Jalen Steele on strengths, weaknesses and a different type of MSU basketball

Apparently, things have changed in the Mize Pavillion when the Mississippi State basketball team practices.

And Jalen Steele likes it.

Jalen Steele

Starting with himself and the other veterans and continuing with the freshmen and transfers, the junior guard said the bickering, back-talking and selfishness has ceased, replaced by respect and attentiveness.

“They all listen well,” Steele said of his teammates and youngsters. “They take everything in. They don’t fuss, argue or nothing. They say yes sir and go on throughout the practice.”

Said Steele, “It makes everything easier. If somebody’s back-talking and trying to do their own thing, it’s not gonna work as well as it should.”

The focus in those practices, Steele said, has been on the defensive side of the ball, while head coach Rick Ray told them the offensive side will be more about flow within the game.

“Practice has been very intense,” Steele said. “We’ve been getting after it. There’s no slacking off, every drill. It’s full speed.”

When it does come to offense, however, Steele said he will be starting at shooting guard, the two-spot, but will certainly spend some time at point guard, too, as needed.

As he’s learned the style of play Ray is looking for, Steele said he is excited for both the personal and team potential in a new system.

“He wants more dribble-and-drive, more driving to the rim, more creating shots for other people, running the court as much as possible,” Steele said. “Our big men run the court very well.”

In assessing his team, Steele shared a fair bit about many of his teammates.

Junior college transfer forward Colin Borchert, it turns out, is possibly the best shooter on the team after Steele, giving MSU some flexibility in the frontcourt.

And who would Steele least like to play H-O-R-S-E against? Oddly enough, another forward, this time it’s freshman Gavin Ware.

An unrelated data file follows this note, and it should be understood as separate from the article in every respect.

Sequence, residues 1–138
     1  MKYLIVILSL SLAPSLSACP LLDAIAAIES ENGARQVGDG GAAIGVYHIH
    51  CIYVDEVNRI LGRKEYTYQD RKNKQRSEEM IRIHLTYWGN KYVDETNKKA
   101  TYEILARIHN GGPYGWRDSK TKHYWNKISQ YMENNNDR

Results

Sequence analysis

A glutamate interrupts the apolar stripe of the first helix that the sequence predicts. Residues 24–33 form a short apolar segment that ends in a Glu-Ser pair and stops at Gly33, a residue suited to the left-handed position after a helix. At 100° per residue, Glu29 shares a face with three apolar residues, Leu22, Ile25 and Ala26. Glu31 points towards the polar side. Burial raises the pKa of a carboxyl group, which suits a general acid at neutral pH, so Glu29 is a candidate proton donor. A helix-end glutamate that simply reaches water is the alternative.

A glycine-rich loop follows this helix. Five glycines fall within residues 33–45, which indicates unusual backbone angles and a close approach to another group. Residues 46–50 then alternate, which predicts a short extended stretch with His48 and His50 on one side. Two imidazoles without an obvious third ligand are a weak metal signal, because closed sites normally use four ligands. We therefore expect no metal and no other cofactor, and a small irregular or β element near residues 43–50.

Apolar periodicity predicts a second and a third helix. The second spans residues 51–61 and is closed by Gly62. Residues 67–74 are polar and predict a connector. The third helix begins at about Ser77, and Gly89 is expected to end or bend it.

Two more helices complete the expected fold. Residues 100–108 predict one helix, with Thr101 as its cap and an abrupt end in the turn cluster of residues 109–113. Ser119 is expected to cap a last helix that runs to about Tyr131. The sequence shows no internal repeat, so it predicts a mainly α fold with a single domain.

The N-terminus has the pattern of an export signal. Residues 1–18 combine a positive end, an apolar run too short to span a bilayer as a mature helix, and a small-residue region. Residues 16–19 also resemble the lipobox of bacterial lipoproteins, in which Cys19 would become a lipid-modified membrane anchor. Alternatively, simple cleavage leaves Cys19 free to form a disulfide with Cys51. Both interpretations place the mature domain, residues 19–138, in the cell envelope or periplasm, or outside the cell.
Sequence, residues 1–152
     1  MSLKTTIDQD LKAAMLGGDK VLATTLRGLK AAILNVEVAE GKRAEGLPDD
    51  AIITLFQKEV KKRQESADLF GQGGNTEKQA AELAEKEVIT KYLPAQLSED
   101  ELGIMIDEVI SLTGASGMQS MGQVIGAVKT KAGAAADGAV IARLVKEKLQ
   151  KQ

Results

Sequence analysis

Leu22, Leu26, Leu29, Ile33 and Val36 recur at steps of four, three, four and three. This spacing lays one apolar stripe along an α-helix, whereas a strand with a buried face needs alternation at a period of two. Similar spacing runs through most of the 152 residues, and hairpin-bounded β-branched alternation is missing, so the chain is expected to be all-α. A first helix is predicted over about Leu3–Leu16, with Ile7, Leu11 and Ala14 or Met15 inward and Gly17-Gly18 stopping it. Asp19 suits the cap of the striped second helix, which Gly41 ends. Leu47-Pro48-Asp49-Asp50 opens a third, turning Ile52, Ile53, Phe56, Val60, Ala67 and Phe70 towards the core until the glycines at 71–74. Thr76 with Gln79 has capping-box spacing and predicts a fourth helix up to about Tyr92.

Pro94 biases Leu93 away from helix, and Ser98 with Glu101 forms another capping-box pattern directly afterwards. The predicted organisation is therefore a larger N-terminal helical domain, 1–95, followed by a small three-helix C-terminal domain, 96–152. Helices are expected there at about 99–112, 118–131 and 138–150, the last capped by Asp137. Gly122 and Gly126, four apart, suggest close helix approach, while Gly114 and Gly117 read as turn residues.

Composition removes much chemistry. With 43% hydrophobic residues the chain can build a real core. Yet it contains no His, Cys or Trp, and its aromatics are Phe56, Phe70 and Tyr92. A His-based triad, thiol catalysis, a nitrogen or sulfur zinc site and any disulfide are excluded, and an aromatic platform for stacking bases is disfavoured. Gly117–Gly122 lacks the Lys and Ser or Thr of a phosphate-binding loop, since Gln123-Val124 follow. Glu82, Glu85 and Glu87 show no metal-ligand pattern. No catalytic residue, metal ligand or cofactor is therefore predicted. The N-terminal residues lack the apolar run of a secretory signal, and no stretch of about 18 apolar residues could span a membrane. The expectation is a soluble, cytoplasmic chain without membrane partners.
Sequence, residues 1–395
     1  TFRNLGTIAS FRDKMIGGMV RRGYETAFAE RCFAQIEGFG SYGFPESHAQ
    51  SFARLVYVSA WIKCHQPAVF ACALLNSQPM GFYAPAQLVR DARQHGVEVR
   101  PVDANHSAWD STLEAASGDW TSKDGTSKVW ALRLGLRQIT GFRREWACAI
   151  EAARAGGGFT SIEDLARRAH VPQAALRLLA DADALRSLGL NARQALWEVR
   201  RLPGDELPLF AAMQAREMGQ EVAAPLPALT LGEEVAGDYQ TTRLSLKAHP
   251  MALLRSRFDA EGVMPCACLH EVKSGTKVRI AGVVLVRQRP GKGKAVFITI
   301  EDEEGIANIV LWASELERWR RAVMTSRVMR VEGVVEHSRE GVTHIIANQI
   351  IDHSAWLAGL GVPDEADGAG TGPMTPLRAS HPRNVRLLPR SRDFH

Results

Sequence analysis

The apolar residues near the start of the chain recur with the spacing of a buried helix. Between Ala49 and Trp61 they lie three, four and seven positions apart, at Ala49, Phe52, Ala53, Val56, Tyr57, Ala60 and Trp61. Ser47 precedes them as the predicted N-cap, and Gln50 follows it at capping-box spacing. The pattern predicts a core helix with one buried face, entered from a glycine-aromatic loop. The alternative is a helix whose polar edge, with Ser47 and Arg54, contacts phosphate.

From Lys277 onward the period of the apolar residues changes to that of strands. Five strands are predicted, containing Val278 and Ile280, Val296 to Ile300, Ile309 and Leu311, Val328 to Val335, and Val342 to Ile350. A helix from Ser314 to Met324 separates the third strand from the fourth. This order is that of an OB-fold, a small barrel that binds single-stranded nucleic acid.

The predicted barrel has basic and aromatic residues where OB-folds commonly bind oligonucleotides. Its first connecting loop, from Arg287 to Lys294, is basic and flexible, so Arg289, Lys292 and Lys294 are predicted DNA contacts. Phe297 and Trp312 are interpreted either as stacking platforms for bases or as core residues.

“Gavin can make shots from anywhere,” Steele said. “He can really shoot the ball.”

As for the backcourt, Steele said he’s been impressed with point Trivante Bloodman, who he calls a pass-first facilitator with the ability to drive when necessary.

Freshman Craig Sword, or “Chicken,” will also be playing at the point as someone Steele called “explosive” and “quick.”

At the three-spot, Steele said he expects some combination of freshmen Fred Thomas – who is now full-go after his foot injury – and Andre Applewhite, with twos and fours having the ability to slide over, as well.

Asked to share the strengths and weakness of the team, Steele conceded the depth is not ideal in some spots, but says it may not be as bad as many think.

“[Our] weakness is the depth, but we’ve been conditioning so much, I don’t think fatigue is gonna kick in in the game,” Steele said.

The main thing, Steele said, will be for the newcomers to learn and adjust quickly once games start.

As for the strength?

“We’re quick,” Steele said. “We get up and down the court. We can shoot. We’re very athletic, too, I think that’s gonna be a big surprise to everybody.”

On a personal level, Steele said the practices have been adjustment for him as they are much more intense than he’s used to, but he does like it.

Part of those tough practices involves learning how to play pressure defense without fouling. Ray’s Bulldogs have been very physical on the practice floor as they adjust to his style of play.

“I told Coach Akins, it’s like football practice out here,” Steele joked.

Most importantly, he said, his knee is back to full health, allowing him to be more versatile in what he does.

“My leg’s back 100 percent,” Steele said. “Last year, I was kind of favoring that leg, didn’t wanna drive as much.”

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